Our mind might tell us to have a cigarette but if we asked our lungs they would say no.

Our mind might tell us to have a cigarette but if we asked our lungs they would say no.

"If you stop smoking or stop drinking alcohol and or stop taking drugs etc, you have only stopped the excess of an unresolved emotion, and thus, not the ill energy that is in-truth – hurting you. You must heal completely what was driving you to look for those excesses, for 'that', is what is truly behind the ill choice to take them up in the first place."

Serge Benhayon The Way of Initiation, p 265

Every year on May 31st, the World Health Organisation (WHO) marks World No Tobacco Day, highlighting the health risks associated with the use of tobacco and supporting policies that are effective in reducing tobacco consumption.

It is very easy for us to make decisions from our head but what would happen if we were to make decisions from how our body feels and how that decision could affect all of our organs? Would our choices be different?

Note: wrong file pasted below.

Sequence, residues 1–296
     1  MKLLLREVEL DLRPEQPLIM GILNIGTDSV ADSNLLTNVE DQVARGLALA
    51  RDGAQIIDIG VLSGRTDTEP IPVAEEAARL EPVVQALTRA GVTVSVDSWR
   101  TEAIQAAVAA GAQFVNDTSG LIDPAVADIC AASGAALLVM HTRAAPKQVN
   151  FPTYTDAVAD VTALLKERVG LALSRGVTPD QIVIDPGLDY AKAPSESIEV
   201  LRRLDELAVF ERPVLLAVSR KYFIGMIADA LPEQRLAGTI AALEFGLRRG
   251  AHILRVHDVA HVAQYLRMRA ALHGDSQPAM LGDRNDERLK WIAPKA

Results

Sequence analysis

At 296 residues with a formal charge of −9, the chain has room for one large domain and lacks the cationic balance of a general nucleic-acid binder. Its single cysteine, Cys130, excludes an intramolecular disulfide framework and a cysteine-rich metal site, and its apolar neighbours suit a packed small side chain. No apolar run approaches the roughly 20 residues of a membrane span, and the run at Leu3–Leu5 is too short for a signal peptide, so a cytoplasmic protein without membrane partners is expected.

If we were to ask our lungs about how they feel about smoking what would they say?

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Interviewing the organs

What would our organs tell us if they could talk?

"The tobacco story is a great lesson for us all – even though we all knew that it was affecting us because we could simply feel it, our truth was denied by the insidious and clever use of the Law through the power of money buying scientists and thus buying science. It is an important case to remember as we move into the future. We should also consider that it is not just tobacco but many, many other products that we at present do not feel into deeply enough. The point is – does this level of integrity only become an important factor in our lives because it is won in some litigious case with a huge compensation?

Let's face it: apart from the obvious fact that smoking cigarettes, or anything else for that matter was, and is, always going to hurt us, and or at least diminish our true health, passive smoking was always going to affect someone else. We all suspected it, or at least, had thought about it. We just didn't want to face it because it rocked that all-familiar comfort zone. Therefore, as always, it should be said, we are all equally responsible, all of the time."

Serge Benhayon The Way of Initiation, p 248

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